The curtain rustles and Mr. Swinebottom sticks his head out through a parting, appearing quite abruptly. For a moment, he appears to be a floating head, his rounded spectacles flashing against the stage lighting eerily. He gathers himself and walks through the parting, dusting off the invisible lint on his pressed pants and tail coat.
“Ladies and gentleman, I know we’re currently in the middle of “The Tale of the Terrible Traffic”, but for your viewing pleasure tonight, we’ll be adding a special vignette to this evening’s intermission. With us backstage is the saint–or as you know, the author’s spouse. He will be debuting with us tonight. So please, gather your wits, or what you have left of them, sit back and prepare to be…entertained…”
An orchestra underneath the stage erupts into a fanfare of trumpeting and cymbals. Mr. Swinebottom jumps and runs to his stool for safety, startled by the sudden appearance of live music. He glares at the blog writer and flicks on his reading lamp curtly, mumbling about dirty tricks and a lack of respect for artists. He adjusts his spectacles tightly and readies his script.
“Our story begins on one cold, November evening…”
The curtain parts and a spotlight settles on the author and a man, the author’s dashing, ever-so-patient husband. The audience can see rows of bookshelves with patrons milling about, finding treasured books to check out and bring home. The author is hiding behind her spouse, clutching a book against her chest at the library’s entrance. She’s peering about as if half-expecting someone to lunge at them.
“I think you should talk to them,” the man is saying patiently. “You’re the author.”
“Will you do it for me, please?” the woman whispers back, offering a timid smile. “I’m…I’m too scared. They might bite me.”
With a sigh quickly covered by a smile, the saint takes the book and walks to the front desk counter. Quicker than a flash, the author scurries to the horror section of the library, hiding.
“They’ll never find me here!” she says triumphantly. “Oh, I can see what Shirley Jackson novels they have…”
“The author,” Mr. Swinebottom chimes in again, “fails to remember she is a horror author and that, perhaps, this would be the one section a librarian would look for her in. But, I digress…”
The audience chuckles lightheartedly. The saint turns away from the check-out counter to glare at the narrator before turning back to the play.
“Is there a form to fill out?” the saint asks. “To donate the book, officially? She’s a local author.”
The librarian turns to check, disappearing into a back office. The author approaches, eagerly carrying three Shirley Jackson novels, all fears momentarily forgotten in her glee.
“Could you fill this form out for me?” the saint asks as the librarian returns with the paper, catching the author quite off guard. “Then I’ll check these books out for you…”
“The author, it must be said, has no power under the saint’s smile. Instead of running out into the parking lot, past the stop light, and then home to hide under her comforter, she found herself picking up the pen and obediently filling out the tiny lines and boxes. Name, book title, library to be held at…Once, twice, thrice she attempted to write her e-mail address…”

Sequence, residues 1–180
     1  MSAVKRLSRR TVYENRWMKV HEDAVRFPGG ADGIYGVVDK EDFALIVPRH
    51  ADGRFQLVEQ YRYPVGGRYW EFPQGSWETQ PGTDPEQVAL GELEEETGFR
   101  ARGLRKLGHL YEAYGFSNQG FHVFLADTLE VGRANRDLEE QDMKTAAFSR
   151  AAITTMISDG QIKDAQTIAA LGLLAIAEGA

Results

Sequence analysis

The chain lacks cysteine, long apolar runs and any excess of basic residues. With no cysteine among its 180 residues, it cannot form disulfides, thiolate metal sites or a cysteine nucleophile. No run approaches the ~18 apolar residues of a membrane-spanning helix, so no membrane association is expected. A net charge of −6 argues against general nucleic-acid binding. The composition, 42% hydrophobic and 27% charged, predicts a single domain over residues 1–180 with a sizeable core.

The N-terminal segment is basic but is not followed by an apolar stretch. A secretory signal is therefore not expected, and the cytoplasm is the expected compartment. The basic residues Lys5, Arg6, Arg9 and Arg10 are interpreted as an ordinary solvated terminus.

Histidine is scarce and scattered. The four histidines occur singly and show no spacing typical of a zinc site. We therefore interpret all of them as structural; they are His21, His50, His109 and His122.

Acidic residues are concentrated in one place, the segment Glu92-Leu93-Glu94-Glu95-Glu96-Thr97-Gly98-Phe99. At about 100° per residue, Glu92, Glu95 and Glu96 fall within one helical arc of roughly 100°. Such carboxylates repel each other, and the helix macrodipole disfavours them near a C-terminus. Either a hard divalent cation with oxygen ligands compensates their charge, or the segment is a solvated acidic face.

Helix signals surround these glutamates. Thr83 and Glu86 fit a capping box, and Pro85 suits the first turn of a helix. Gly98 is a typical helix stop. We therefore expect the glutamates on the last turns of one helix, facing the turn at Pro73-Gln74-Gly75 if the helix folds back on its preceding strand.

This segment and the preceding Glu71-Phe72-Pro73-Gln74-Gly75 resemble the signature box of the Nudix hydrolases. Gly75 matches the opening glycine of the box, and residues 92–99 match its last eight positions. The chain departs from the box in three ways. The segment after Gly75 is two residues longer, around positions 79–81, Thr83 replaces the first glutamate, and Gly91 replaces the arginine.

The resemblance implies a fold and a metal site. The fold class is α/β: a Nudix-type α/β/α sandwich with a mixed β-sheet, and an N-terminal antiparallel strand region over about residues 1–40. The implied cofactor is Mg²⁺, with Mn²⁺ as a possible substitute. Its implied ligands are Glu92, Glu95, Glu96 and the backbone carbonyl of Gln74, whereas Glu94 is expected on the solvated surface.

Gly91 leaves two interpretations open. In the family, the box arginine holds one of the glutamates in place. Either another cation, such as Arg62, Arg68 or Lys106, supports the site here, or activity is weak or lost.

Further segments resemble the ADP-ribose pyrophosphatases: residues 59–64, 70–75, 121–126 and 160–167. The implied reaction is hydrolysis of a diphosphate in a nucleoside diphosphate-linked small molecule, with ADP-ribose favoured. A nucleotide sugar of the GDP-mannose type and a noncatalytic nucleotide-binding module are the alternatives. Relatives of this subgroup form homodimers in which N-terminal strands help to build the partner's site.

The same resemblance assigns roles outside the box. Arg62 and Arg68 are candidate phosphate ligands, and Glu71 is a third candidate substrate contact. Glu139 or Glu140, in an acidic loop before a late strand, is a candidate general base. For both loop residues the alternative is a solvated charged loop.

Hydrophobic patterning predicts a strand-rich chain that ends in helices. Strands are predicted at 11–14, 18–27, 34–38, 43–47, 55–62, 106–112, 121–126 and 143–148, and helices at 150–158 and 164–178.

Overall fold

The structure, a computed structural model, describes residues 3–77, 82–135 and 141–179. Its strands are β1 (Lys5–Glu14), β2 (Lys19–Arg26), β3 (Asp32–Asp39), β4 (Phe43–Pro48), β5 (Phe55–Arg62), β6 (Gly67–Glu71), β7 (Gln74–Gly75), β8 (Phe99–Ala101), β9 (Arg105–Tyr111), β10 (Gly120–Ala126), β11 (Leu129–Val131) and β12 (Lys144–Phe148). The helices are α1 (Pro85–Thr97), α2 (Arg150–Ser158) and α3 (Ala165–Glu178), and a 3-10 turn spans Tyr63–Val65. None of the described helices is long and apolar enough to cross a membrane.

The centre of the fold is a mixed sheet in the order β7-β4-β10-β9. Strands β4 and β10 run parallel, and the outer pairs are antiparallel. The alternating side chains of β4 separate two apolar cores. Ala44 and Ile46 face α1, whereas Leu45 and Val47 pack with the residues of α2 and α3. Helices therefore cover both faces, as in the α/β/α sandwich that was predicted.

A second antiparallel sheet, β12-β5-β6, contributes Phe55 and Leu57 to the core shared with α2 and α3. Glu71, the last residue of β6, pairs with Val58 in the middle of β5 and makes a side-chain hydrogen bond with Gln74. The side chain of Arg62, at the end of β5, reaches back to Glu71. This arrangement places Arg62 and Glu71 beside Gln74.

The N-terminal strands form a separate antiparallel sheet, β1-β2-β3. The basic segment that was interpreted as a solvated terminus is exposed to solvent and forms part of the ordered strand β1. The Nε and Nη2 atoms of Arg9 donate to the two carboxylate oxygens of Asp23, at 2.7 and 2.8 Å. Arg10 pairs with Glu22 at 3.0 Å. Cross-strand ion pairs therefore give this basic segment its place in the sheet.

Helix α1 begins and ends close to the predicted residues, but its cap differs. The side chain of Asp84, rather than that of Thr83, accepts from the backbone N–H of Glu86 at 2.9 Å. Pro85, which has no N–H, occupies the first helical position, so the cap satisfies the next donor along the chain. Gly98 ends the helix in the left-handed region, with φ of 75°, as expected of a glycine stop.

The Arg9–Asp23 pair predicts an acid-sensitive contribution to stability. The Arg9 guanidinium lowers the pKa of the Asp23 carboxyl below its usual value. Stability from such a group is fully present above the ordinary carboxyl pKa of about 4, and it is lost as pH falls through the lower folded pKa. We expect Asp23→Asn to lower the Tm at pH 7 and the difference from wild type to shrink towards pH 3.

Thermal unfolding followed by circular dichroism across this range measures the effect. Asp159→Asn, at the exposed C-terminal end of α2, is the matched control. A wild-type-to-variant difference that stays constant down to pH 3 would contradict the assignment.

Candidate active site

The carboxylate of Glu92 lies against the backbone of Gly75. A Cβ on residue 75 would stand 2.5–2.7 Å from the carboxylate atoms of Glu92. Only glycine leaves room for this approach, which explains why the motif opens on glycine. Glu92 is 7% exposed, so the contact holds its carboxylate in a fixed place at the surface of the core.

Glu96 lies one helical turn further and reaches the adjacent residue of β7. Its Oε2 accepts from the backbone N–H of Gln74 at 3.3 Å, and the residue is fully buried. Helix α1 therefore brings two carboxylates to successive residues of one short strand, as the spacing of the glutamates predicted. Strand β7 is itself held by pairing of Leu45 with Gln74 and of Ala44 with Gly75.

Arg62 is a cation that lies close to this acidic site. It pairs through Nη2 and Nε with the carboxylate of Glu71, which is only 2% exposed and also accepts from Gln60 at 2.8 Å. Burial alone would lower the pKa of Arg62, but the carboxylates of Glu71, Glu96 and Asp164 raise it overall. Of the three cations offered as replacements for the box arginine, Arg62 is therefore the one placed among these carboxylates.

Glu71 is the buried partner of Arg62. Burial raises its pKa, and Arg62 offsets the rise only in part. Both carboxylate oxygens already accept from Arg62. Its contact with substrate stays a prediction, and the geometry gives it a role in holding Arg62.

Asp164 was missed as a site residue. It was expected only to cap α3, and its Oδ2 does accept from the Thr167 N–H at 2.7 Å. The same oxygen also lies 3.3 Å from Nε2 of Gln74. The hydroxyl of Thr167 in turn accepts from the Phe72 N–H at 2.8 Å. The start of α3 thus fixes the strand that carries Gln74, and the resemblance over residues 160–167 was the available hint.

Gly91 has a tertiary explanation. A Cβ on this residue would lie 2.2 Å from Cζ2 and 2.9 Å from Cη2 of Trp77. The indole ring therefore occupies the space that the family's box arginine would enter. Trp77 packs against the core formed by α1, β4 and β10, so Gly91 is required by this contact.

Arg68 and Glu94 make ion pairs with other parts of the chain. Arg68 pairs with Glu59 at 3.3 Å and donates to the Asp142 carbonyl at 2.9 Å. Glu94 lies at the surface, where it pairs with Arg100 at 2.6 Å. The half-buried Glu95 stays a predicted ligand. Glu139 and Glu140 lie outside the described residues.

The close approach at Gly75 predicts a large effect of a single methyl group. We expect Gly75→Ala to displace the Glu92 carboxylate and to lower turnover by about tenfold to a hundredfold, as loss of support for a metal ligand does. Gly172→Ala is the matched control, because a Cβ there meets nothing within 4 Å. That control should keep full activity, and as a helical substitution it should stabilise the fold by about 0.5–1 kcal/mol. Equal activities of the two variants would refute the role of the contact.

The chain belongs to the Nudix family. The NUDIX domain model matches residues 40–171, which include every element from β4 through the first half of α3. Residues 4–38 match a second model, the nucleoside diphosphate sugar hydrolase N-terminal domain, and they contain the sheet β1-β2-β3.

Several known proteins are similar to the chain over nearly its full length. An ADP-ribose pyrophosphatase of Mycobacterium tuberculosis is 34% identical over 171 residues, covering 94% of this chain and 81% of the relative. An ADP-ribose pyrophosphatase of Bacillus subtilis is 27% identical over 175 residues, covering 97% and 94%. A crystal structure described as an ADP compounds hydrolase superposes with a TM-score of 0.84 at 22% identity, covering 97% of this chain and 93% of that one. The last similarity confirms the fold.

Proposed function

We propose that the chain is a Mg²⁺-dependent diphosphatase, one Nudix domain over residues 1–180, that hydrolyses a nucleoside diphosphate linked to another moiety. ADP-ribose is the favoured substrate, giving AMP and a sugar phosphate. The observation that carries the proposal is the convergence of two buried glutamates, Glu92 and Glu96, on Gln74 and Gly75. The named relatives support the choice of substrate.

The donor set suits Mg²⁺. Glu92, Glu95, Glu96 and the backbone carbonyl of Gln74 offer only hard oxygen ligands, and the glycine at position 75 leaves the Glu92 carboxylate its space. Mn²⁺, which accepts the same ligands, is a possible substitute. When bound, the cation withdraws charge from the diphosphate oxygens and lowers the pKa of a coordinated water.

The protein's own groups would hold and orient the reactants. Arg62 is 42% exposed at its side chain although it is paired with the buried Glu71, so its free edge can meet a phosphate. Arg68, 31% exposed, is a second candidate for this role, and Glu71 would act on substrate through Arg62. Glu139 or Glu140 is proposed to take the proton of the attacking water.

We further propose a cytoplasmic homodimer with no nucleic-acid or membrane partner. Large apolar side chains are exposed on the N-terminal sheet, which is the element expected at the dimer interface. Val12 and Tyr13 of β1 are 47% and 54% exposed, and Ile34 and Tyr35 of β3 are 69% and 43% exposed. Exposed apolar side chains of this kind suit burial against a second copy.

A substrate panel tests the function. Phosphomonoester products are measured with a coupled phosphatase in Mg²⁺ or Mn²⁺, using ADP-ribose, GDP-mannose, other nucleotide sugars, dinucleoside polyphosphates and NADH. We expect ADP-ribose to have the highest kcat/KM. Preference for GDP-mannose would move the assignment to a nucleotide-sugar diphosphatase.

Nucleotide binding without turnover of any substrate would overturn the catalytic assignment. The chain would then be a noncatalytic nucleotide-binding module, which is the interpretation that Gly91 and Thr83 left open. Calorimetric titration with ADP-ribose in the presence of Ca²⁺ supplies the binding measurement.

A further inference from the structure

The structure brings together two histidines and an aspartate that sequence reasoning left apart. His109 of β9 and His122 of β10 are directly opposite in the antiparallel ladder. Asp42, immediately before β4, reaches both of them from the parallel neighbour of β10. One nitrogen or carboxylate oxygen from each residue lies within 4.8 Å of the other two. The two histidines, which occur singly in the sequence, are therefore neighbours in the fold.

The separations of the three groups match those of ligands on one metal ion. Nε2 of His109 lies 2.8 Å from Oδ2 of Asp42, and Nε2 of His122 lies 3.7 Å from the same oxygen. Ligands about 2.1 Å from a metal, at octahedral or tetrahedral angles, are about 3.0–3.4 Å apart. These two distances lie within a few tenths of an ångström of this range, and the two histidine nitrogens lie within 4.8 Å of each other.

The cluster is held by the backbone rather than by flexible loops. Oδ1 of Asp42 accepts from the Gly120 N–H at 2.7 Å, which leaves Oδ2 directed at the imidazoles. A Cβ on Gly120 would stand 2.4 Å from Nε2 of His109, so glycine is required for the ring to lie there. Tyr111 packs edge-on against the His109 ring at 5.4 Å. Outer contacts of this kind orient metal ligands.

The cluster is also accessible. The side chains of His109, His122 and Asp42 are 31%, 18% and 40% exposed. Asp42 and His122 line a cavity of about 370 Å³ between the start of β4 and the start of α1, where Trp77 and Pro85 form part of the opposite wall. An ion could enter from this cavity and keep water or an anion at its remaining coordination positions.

“That’s sloppy isn’t it? I can cross it out…Oh, that’s the wrong one…Give me a second, I’ll draw an arrow and they’ll know where to look…”
“The saint looked on, nodding in encouragement. The author looked up, catching him smiling. Her heart popped out of her chest and thumped away, doing a tap dance right out into the parking lot before circling back inside in a dramatic waltz.”
The narrator and audience stop to watch the heart perform a final dance number routine before popping back up into the author’s body, disappearing. Someone from the audience shouts “Encore!” before being hushed by their mother.
The saint turns in the completed form and walks out with the author, holding her library books. He steers her safely away from approaching cars as a glazed look settles onto her face.
“There, that wasn’t too bad, was it?” the saint asks gently. “We did it!”
The couple get into their car, the saint holding the door open for the shaking author.
“The form is online,” her spouse mentions, buckling up. “So maybe with the next book, we can fill it out ahead of time.”
“Next time we’ll do a drive-by booking,” the author announces briskly, breaking momentarily from her trance. “We’ll drop it in their return bin with the form inside the pages. We’ll drive away, cackling like fiends! They’ll never know it was us, but they’ll have a copy all the same! It’s genius, I say–brilliance, defined!”
The curtain closes on the saint, smiling and shaking his head knowingly. A car engine starts, the noise disappearing into the distance as they return home.
“And so ladies and gentleman, here our vignette ends. The short, yet fanciful tale of our young author, venturing out into the world of having her book on an actual library’s shelves. Will she return and try signing her book, a la Breakfast at Tiffany’s? Or will she have a moral dilemma and run out of the library screaming, clutching her ballpoint pen and shouting lines from Hamlet? This is Reginald Swinebottom Presents and, at this point, we can only guess at what our author will do next. Thank you for joining us.”